At Impolitikal we're exploring the deep reasons that drive people to protest in support of important social and political issues, and highlighting those that do. I interviewed Raymond Johansen about his personal motivations for working as an activist, and why he believes civil disobedience is a duty for every able-bodied citizen.
Ray sits on the Board of Directors of Pirate Parties International, and is International Coordinator of the Pirate Party of Norway.
What led you to become an activist?
In 2002 I was kidnapped by representatives of an international organised crime group that shall remain unnamed. To get me to give them money they sadistically tortured me for around eight hours and threatened my children's lives. I did not give them one cent of my hard-earned money.
It changed me and my whole life. I lost all my friends and family and I learnt what torture does to a person. I made activists, hacktivists and human rights defenders across the world my new family. All that I do has a very specific function in my life apart from supporting causes. It keeps the PTSD I suffer today at bay - if I focus and work hard enough to help others.
All of this has made me focus much of my time combatting state-sanctioned torture around the world. Misery and pain made me who I am today. I think this is true for many of my fellow activists, from Qatif in Saudi Arabia to Moscow in Russia.
Why do you think the freedom to protest is important?
It is the cornerstone of any healthy society. The powers that be will always protect themselves in such a way that getting through to criminal governments is made impossible. The freedom to assemble, free speech and enforcing transparency - hacking, leaking, journalism and whistle-blowing - are the only tools left for us. Civil disobedience is a duty for every able-bodied citizen. Without it we would not have any human rights today.
These human rights are being eroded as we speak because the last two generations have been extremely lazy. Not enough people have laced their boots and fought for our collective rights in the streets.
Do you protest in support of a particular issue/s?
Apart from fighting state-sanctioned torture I work on a range of human rights issues, many of which are causes found at the heart of the Pirate Party movement. Free speech, transparency and privacy are of course chief among them.
Have you been involved in any protests/movements that have lead to significant change?
As well as the Stop Online Piracy Act (SOPA) and the PROTECT IP Act (PIPA) I have taken part in fighting trade agreements like TPP, CETA, CISA and TTIP. Our days of action saw boots on the ground in at least 865 cities across the globe.
On a personal level, smaller and more narrow protests have made actual impact in many cases. Like protests outside Saudi embassies in support of Raif Badawi every week across the globe since his flogging.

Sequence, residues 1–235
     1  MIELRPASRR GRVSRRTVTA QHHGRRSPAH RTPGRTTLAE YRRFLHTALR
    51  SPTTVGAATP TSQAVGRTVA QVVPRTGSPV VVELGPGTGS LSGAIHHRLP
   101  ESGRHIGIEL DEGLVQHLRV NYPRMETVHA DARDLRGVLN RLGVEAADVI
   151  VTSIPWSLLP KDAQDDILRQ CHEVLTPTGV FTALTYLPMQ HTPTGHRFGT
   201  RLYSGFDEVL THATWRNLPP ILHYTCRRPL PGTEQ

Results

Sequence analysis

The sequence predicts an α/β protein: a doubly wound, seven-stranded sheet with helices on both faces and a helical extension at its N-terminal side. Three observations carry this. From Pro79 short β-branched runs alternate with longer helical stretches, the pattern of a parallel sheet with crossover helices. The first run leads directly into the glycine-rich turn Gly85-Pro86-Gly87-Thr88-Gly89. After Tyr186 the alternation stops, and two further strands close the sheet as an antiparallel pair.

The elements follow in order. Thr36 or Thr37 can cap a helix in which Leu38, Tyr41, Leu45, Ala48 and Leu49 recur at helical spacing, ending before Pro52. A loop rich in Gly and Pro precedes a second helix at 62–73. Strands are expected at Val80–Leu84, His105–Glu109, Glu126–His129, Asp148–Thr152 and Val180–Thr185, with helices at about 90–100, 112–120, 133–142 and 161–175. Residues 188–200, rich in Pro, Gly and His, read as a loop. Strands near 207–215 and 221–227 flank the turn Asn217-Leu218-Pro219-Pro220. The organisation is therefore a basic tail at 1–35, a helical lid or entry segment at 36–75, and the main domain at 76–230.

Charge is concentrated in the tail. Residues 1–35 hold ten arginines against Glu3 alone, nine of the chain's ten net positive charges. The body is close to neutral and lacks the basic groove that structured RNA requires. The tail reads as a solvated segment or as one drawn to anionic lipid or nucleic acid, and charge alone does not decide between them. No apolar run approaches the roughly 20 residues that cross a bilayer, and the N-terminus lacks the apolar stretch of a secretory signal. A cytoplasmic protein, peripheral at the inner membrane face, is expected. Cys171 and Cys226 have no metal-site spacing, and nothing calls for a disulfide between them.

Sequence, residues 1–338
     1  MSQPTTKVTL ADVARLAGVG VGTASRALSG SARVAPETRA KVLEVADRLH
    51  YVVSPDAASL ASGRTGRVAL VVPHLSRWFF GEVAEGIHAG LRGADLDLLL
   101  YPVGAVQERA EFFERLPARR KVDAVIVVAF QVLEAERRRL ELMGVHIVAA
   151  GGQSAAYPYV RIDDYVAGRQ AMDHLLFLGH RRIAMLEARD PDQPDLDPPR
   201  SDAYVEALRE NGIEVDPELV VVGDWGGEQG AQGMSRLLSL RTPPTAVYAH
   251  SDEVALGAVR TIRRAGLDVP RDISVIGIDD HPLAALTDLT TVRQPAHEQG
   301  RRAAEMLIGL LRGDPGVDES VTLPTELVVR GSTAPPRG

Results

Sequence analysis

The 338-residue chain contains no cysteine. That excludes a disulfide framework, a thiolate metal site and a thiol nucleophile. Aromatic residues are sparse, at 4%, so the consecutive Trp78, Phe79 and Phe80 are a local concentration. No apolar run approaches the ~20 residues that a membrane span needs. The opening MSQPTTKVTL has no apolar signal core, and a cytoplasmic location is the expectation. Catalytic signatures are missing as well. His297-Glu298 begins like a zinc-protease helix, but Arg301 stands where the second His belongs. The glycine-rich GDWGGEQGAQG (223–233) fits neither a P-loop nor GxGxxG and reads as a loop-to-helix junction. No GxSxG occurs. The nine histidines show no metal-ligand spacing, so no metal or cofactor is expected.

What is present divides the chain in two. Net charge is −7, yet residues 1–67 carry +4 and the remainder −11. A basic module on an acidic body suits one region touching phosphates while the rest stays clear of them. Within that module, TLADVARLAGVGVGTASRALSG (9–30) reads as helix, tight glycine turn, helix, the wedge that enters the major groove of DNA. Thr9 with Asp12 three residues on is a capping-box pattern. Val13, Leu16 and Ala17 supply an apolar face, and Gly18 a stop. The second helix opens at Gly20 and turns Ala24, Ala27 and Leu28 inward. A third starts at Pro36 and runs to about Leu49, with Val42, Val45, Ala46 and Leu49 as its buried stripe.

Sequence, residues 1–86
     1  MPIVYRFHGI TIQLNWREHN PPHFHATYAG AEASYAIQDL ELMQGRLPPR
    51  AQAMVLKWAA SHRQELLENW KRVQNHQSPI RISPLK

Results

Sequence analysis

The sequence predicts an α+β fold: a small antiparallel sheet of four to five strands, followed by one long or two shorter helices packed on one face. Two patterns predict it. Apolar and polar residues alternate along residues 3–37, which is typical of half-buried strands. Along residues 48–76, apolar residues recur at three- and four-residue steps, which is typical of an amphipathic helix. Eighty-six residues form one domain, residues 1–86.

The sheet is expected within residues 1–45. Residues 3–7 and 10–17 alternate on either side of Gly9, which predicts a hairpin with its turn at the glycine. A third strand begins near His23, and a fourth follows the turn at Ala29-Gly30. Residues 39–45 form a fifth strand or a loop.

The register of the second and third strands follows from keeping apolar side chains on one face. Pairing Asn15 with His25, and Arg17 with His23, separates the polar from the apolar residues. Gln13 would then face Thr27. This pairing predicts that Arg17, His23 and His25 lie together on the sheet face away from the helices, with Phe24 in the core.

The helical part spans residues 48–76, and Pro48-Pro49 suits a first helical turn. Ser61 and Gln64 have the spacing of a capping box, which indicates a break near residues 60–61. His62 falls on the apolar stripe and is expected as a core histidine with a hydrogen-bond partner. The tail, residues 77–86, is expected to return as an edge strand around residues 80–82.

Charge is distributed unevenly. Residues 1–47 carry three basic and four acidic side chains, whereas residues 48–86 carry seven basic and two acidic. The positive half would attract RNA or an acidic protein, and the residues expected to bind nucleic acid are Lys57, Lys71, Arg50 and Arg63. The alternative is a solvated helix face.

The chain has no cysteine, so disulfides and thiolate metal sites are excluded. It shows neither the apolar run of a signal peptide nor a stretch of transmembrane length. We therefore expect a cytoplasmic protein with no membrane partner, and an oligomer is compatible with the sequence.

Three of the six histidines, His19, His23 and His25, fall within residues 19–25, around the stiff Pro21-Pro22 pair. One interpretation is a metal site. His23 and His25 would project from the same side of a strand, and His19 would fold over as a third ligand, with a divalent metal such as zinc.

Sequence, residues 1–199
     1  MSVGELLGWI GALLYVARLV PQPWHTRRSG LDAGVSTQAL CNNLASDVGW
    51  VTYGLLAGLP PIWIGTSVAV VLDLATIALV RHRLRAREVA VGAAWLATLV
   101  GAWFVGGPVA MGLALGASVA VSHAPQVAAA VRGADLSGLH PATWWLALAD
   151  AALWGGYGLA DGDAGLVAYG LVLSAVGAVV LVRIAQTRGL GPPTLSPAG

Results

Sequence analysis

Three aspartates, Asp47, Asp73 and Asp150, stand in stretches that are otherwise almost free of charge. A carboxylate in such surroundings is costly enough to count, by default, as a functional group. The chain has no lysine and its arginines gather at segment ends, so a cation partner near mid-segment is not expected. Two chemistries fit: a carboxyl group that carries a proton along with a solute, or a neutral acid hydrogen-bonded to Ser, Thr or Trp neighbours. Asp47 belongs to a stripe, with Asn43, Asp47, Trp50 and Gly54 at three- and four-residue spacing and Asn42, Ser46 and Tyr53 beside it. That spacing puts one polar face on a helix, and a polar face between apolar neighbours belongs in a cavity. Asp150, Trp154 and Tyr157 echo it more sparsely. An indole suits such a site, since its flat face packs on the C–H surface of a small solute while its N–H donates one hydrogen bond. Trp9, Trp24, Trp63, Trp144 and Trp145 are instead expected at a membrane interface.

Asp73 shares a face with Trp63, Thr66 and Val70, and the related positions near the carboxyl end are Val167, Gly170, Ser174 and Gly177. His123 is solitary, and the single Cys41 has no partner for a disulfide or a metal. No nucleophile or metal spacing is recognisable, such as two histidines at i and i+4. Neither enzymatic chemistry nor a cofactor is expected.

Are there any examples of protests that have really made an impact on you personally?
Well, you could say letting myself be flogged in support of Raif Badawi in Trafalgar Square in London actually made a real impact on me. Both figuratively and literally. However, I work on prisoner support and what touches me every day are the tears of mothers and the agony of families of the jailed and persecuted. They are not protests, but I feel these activities are the most important. Supporting those that have been brave enough to actually risk their own freedom by protesting in one form or another.
The Pirate Party movement is considered controversial by a lot of people. Why do you think the PP voice is important?
You could say it started as a protest movement and then progressed quickly into a political party. Now it is a home for both activists and politicians. So, being both on the streets and inside the system makes PP special and also important. At the core of everything we do you will find the love for people power and the wish to take back democracy from the power-hungry and their corporate rulers.
Those parties that have already taken a position of power have always conformed to the rules in the halls of power. The Pirate Party never will. If I get elected to our parliament this fall I will start each and every morning by choosing a seat I am not supposed to sit in. I think that serves as a good example of who we want to be.
Who are some activists and/or protest movements that you respect?
There are so many, listing them would be futile. I have heroes like Manning, Snowden, Barrett Brown and the likes. I work with countless activists day in and day out, and I respect the hell out of my brothers and sisters in Anonymous UK who have dared to lace their boots in places people would not go. Like in front of the GCHQ headquarters at Cheltenham. Acts like that amaze me.
I know a lot of people that never stop going to protests and I respect them all. The Standing Rock #NoDAPL protests stand out in recent times. Lastly I cannot stress how I deeply respect all those directly involved in #OpFerguson. That was truly an amazing time to be an activist.